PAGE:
The Turkish military has completed its preparations to intervene in Manbij, the mainly Arab town in northern Syria that is emblematic of continued friction with the United States, as well as east of the Euphrates River, where Washington’s Kurdish allies govern a stretch of territory running all the way to Iraq. “When the time comes, the necessary measures will be taken," said Turkish Defense Minister Hulusi Akar during a visit to a military facility in the central Anatolian province of Eskisehir today.
The comments are the latest in a volley of Turkish vows to take action against the Syrian Kurdish People’s Protection Units (YPG), Washington’s top ally in the fight against the Islamic State, and to establish a safe zone 20 miles (32 kilometers) deep along its southern border with Syria. On Monday, Turkish President Recep Tayyip Erdogan said the zone would allow the four million or so Syrians sheltering in Turkey to go back home and rid the area of "terrorists," as Turkey labels the YPG.
While Turkish leaders beat the war drums, Ilham Ahmed, the co-chair of the YPG-friendly Syrian Democratic Council, is in Washington to lobby the Donald Trump administration and assorted congressmen to prevent a Turkish offensive and to secure backing for a safe zone that would protect the Kurds from Turkey. Ahmed, who has also been speaking at closed-door sessions at several think tanks and spoken to journalists, was captured on camera at the Trump hotel in a pre-arranged run-in with the US president, who briefly spoke to her and reportedly pledged to set up a safe zone for the Kurds. But that is unlikely to materialize in the face of stiff resistance from Turkey to any arrangement that would allow the YPG to continue to exert its influence with US help. But then, the kind of safe zone Turkey is purportedly angling for, one that becomes a parking ground for Syrian refugees and with the YPG demobilized, disarmed and pushed south, is no more likely, unless either the Pentagon or Moscow sign off on those terms. They are unlikely to do so.
Both sides know this and are bargaining with the main stakeholders from a maximalist position in the hope of gaining the upper hand before US troops withdraw.
But as many analysts point out, the lack of a coherent US policy has emboldened hawks within the administration who are opposed to a US withdrawal on a number of fronts. Topping the list are worries that IS will make a comeback, Iran and Russia will dig in and Assad will remain in power without ceding to any of the opposition’s demands. Their unwillingness to accept that US forces are leaving is muddying the waters and building false expectations, particularly among some Kurds. While Ahmed told Bloomberg last week that “what [she’s] heard from the Americans suggests they aren’t going to put a deadline for withdrawal yet,” well-informed sources familiar with the US-led coalition’s planning told Al-Monitor on condition of strict anonymity that one could come as early as May.
Nevertheless, the president’s Syria team led by former US Ambassador to Ankara Jim Jeffrey seems bent on implementing his vision for a “no fly/no-drive zone” in northeastern Syria outlined in a paper he co-authored for the Washington Institute for Near East Policy before joining the administration. Its recommendations address the worries of the non-exiteers while pushing for “some reconciliation” between Ankara and the YPG.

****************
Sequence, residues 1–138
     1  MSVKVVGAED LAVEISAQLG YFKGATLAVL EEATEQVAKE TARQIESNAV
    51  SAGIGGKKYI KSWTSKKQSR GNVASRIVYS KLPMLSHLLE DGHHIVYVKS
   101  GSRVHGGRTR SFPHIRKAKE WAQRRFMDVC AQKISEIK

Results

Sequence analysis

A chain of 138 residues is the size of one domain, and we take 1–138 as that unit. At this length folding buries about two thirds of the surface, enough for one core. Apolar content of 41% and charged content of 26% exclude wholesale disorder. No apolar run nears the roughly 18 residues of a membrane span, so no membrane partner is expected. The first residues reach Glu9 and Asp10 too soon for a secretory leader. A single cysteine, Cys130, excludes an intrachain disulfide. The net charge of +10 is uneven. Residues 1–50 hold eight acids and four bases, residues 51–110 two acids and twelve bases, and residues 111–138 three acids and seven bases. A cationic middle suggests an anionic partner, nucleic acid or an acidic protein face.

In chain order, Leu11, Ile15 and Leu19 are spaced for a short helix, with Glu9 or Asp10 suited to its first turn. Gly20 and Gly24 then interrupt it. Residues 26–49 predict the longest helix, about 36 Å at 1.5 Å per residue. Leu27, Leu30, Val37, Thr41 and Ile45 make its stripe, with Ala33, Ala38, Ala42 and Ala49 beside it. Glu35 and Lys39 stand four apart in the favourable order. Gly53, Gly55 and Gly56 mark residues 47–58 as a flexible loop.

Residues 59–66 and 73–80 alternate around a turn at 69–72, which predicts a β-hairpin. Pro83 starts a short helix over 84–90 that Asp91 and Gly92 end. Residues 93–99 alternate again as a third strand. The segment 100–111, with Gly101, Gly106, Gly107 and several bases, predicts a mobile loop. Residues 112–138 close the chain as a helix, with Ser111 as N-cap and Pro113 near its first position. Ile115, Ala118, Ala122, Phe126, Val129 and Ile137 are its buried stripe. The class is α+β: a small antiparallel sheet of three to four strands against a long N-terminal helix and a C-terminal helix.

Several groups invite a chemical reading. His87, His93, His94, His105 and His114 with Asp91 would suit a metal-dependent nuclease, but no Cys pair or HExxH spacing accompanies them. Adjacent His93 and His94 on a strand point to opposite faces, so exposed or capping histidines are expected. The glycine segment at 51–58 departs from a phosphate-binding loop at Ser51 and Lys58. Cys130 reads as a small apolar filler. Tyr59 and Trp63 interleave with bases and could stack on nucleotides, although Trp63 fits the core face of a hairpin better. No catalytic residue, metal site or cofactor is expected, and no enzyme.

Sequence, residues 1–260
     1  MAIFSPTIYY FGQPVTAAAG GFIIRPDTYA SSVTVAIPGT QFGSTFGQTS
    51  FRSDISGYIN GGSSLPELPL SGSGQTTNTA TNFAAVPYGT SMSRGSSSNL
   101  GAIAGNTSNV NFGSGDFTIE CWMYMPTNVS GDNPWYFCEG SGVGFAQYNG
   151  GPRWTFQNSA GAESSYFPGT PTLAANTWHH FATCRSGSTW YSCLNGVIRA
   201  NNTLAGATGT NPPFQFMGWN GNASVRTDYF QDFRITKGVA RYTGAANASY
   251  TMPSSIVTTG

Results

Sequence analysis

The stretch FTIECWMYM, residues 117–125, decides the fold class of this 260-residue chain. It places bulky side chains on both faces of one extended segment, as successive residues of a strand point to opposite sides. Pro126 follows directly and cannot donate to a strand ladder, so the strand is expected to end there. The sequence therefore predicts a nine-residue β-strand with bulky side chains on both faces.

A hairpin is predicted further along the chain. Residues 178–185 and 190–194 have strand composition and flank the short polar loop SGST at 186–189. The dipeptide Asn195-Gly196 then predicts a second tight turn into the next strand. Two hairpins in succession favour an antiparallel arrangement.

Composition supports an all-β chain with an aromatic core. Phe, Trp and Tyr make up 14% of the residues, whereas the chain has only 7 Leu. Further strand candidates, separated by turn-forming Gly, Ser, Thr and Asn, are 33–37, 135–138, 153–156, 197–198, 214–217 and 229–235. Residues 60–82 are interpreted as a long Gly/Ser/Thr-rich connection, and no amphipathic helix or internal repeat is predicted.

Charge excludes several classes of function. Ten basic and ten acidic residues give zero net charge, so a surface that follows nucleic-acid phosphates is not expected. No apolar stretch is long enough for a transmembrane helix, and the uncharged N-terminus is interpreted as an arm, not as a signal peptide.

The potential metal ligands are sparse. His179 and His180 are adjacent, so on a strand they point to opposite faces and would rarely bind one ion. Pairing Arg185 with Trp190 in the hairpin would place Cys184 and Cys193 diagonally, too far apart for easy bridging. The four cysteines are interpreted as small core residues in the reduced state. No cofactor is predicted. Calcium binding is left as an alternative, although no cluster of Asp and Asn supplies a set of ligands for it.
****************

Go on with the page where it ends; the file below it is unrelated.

An official from the YPG-led Syrian Democratic Forces (SDF) who asked not to be identified by name confirmed that Jeffrey has been assuring Ahmed and others that Turkey is interested in dialogue. Ahmed appeared to confirm this in an interview with the Associated Press today. She said that the United States has focused on a “calming” Turkey to find a compromise that would allow the YPG to remain. At the same time, US diplomats are reportedly telling Ankara that the YPG is interested in dialogue, with Turkey presenting a rosier picture of the Syrian Kurds' stance.
All of this is calculated to prevent the Turks from negotiating with Russia and the Kurds from doing so with the Assad regime. In truth, there are absolutely no signs that Turkey is ready to yield anything to the YPG, least of all before nationwide municipal elections that are due to be held in March.
Damascus isn’t either, according to Ahmed. She told the Saudi newspaper al-Riyadh the negotiations with the regime had “gone nowhere” and that the United States kept offering assurances but no action. Top YPG commander Sipan Hemo, on the other hand, told Reuters that the Syrian government’s “stance was positive” but that no direct talks had been held with Damascus to date.
Meanwhile, the Kurdistan Workers Party (PKK), which in Ankara’s eyes is indistinguishable from the YPG, has been making subtle overtures to Iran, part of a long-running strategy of hedging its bets. Cemil Bayik, one of the top PKK commanders operating out of the Qandil mountains separating Iraq from Iran, told the pro-PKK Medya news channel in a recent interview, “The policies crafted by America against Iran have not yielded many results. Iran seems more successful.” Although Bayik acknowledged Iran’s policies toward its Kurds were “no different” from those of Turkey — neither is interested in solving their respective Kurdish problems — Iran had nonetheless “realized that the Kurdish dynamic is the most vibrant dynamic in the Middle East” and that this might affect its policies. Cutting through the verbosity, it is clear that the PKK views the alliance with the United States, as US officials themselves have repeatedly stressed, as tactical, temporary and transactional. The multimillion-dollar bounties the United States placed on Bayik and two other key PKK leaders in November will have sharpened that perception. “Pretending otherwise now just to get us to cooperate with Turkey is not going to work,” the SDF official said.
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